Richard is a newly retired classics professor living outside contemporary Berlin. Recently widowed, he has a life of melancholy memories, pleasant boredom and simple rituals. Comfortably muffled, he is struck one night by news reports of African refugees staging a protest in a city square he had visited that same day: “Why didn’t he see the men?”
This timely new novel by Jenny Erpenbeck, a German writer and opera director, unfolds as Richard’s effort to do more than just see these men. He begins visiting with them and learns of the various tragic circumstances that pushed each out of his home country in Africa. He offers the men car rides to appointments with immigration officials and dentists, language lessons, introductions to German Christmas traditions and occasional odd jobs with his well-off friends. He even gives one man a few thousand euros to purchase a tract of land in Ghana for his family members to farm.
In recompense, Richard is invigorated, if also frustrated by the endless bureaucratic entanglements that confront present-day refugees in even the most welcoming of European countries. He simultaneously struggles with ambivalence toward, even resistance to, the friendship, gratitude and hopefulness that he experiences from the African men with whom he spends more of his time and money. Finally, he is robbed, and he hates it that the evidence very strongly points to the bright young man who visits his house to play the piano.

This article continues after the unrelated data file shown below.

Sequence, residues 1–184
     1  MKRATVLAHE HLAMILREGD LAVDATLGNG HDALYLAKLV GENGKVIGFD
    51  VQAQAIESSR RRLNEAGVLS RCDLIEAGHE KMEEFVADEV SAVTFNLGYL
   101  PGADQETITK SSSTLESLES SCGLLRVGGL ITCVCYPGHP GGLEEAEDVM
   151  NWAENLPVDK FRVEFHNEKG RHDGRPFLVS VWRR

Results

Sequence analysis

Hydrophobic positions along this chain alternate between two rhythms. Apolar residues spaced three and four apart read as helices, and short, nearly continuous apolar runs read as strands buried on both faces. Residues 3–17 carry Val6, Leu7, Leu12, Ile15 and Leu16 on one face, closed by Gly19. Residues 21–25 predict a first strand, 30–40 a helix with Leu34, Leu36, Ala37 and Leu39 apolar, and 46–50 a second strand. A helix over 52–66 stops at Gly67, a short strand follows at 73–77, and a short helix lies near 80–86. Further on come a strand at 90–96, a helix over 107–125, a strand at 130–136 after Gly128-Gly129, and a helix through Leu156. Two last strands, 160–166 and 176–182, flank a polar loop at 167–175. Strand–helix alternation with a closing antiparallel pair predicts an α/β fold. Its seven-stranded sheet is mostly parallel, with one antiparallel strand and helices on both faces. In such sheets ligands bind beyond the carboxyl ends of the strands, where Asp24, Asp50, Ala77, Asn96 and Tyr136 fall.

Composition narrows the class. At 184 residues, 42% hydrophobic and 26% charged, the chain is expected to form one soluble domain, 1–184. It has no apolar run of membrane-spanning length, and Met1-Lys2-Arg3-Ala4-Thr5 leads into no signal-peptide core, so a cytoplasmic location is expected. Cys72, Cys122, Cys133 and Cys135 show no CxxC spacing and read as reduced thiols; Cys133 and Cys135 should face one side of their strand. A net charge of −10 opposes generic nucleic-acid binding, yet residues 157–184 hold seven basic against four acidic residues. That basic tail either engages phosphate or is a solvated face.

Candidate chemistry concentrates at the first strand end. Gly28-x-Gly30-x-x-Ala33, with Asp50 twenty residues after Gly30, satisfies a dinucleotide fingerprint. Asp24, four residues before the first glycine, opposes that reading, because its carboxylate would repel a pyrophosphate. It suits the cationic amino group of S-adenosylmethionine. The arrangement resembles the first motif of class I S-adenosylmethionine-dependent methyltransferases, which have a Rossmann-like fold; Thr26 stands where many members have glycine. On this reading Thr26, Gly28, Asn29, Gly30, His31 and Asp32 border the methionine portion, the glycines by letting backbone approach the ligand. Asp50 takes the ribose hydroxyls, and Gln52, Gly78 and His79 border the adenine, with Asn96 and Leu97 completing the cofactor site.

Go, Went, Gone never becomes preachy or sentimental. Instead, it is quietly bracing.
In all of this eventfulness, Go, Went, Gone never becomes preachy or sentimental. Instead, it is quietly bracing, as when Richard recognizes “he’s one of very few people in this world who are in a position to take their pick of realities.” By the end of the novel, Richard decides to bring opposing realities together. He knows he cannot change the world, and that there is still much to be done and much that he can do.